One of the best parts of my role at Dairy One is having the opportunity to work with a variety of different business units. This requires committing a large amount of time to gaining a better understanding of how all the different pieces of the Dairy One puzzle fit together.

The first puzzle piece I have been focusing in on is Dairy One’s DHIA Record Services and DHIA Farm Service Technician role. For those who don’t use our DHIA Record Services, you may be asking a question similar to the one I first asked: What exactly does a Farm Service Technician do? The job description is as follows:

“Farm Service Technicians’ primary responsibility is to meet Dairy One customer needs with fast, accurate, useful information and to actively represent the Cooperative in the agricultural community through the sales and service of management information to member, non-member and agri-business accounts.

Primary responsibilities include collecting herd management data, weigh and sample milk during milking times, entering data into a computer, assisting customers with interpretation and application of data collected, and actively seeking opportunities to increase customer use of Dairy One testing and analytical services.”

I have had the pleasure of spending time in the field with two of our DHIA Farm Service Technician Trainers, Bernie Redmond and Darcie Hancock. Not only were they more than willing to take me out in the field with them, but they had me testing milk right alongside them in just a few visits.

Some people have the misconception that only large farms are testing with Dairy One. During my time with Bernie and Darcie I visited farms milking 45 to 1300 cows. While farms of varying sizes may find value in different aspects of the data and reports offered by their Farm Service Technician, they are all depending on the data and record keeping services their technician provides. Information is crucial to management decisions, regardless of herd size.

Farm Service Technicians are also on the farm for the entire milking process, during whatever milking is most convenient for the farm. While we were headed to our first farm at 3:40 am, Darcie waved to the milk truck passing us. “You start to know the other people who are out on the road this early. The milk truckers look out for me, especially in this crazy winter weather,” Darcie explains. It should be noted that technicians visit many of their farms at different times from month to month. One month it may be the morning milking, the next month the evening. This accounts for any differences that may occur from morning to evening.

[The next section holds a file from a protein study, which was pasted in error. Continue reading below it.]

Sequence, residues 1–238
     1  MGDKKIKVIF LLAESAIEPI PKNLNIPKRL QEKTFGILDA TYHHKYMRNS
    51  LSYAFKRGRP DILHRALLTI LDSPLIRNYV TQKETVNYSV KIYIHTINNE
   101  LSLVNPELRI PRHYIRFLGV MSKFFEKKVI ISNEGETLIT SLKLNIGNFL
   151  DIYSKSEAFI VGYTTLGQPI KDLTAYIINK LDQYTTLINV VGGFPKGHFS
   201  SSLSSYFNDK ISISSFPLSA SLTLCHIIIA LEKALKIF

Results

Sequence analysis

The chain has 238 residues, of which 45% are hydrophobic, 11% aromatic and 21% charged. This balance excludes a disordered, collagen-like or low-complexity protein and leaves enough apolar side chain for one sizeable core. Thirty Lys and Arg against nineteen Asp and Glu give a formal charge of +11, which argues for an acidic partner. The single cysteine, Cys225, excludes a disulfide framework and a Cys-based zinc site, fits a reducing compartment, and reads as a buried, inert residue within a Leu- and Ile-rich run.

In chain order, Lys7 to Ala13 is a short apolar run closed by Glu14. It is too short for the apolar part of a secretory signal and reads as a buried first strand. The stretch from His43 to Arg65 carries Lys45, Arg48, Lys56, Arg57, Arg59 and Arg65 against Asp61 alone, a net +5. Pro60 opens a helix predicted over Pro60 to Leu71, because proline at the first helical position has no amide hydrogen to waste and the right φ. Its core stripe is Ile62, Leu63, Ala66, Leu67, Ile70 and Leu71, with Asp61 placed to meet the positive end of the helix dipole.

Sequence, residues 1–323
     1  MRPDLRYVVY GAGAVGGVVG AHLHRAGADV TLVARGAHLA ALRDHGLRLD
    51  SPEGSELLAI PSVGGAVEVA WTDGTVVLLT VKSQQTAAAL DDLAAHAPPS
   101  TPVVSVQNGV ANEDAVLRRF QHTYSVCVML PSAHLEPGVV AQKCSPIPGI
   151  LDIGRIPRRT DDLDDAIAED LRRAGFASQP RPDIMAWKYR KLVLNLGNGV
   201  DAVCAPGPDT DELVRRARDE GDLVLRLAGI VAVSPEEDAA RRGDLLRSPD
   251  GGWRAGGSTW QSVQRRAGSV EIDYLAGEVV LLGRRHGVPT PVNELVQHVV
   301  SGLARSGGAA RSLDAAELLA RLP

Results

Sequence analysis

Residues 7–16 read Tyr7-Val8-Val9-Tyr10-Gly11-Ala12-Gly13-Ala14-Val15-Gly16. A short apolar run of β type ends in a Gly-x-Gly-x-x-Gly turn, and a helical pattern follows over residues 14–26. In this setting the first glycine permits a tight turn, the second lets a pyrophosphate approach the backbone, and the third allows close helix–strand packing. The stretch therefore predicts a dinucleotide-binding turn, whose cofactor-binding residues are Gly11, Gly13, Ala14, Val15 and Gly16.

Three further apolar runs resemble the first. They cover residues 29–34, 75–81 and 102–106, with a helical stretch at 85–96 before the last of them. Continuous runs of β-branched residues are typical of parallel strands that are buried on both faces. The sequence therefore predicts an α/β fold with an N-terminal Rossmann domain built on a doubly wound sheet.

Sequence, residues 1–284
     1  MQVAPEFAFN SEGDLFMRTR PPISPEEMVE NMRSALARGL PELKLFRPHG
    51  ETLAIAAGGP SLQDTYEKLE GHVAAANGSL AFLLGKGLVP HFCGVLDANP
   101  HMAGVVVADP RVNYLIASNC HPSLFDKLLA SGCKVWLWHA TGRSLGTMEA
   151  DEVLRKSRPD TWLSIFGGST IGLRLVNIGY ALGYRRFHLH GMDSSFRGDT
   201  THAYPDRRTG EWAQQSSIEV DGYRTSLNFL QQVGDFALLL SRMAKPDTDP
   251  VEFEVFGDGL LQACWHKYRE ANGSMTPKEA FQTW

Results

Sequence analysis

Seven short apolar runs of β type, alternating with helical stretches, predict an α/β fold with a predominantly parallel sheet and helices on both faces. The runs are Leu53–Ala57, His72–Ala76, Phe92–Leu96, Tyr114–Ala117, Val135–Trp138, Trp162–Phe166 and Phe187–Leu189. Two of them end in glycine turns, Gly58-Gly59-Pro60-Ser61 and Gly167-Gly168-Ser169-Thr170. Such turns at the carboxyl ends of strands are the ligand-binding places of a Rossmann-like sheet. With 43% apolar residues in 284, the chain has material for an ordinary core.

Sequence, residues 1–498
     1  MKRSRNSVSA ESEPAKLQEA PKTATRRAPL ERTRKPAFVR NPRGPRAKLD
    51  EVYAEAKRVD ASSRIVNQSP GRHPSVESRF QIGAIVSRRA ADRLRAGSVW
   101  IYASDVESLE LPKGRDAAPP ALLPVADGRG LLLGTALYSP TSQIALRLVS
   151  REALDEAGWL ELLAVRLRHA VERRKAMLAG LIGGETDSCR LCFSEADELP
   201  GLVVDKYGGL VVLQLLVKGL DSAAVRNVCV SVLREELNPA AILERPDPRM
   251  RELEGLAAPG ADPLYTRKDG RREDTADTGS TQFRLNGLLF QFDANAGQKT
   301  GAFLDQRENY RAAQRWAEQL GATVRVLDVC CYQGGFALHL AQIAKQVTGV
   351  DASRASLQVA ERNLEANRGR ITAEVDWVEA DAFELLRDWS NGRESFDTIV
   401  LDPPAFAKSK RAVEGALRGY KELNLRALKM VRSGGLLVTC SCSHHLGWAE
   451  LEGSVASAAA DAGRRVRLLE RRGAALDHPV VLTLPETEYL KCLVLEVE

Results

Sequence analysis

Not only do they hit the ground running at all hours of the day, in any weather condition, but they do it with smiles on their faces. Despite the cold and dark of the early morning, Bernie and Darcie got right to work upon arrival at the farm, often joking and catching up with whoever was milking for that day.

Any changes in the herd since the last test are recorded, meters are set-up, bottles are numbered, and then the actual testing begins. For those who are not familiar with how milk testing works, a milk sample is taken from each cow. The cow’s ID number, sample bottle number, and milk weight are recorded. When milking is completed, the meters are washed and reports are printed for the farm. These reports vary depending on farmer requests and can include information pertaining to projected dry off dates, milk weights, previous month’s somatic cell count, and vet lists.

At some point during our time on the farms, we would usually see the owner’s family. Bernie shared stories of the various baked goods he has been greeted with in the past and we were even treated with chocolate cupcakes for one evening test. Darcie recalled the numerous times she had been invited to graduations and school events. When scheduling a farm visit I asked Darcie about the “bring M&Ms” note she had made for a farm the following week. “The youngest son has a gluten intolerance” she explained, “I always forget that he can’t eat the cookies I bring, I don’t want him to feel left out.”

“I love my job,” Darcie said when I asked her about the odd hours the job can require, “I love my farms. I was not expecting to become a part of these families. It’s not hard to go to work when you love what you do.” The Farm Service Technicians do so much more than collect samples and enter data. They play a crucial role in management, often of the herd and farm. Many are a trusted resource to our customers, providing valuable feedback and tailored reports. The part of the job you won’t find in the description is that technicians make a real difference.  They often become a valued friend and even member of the family to many of our customers.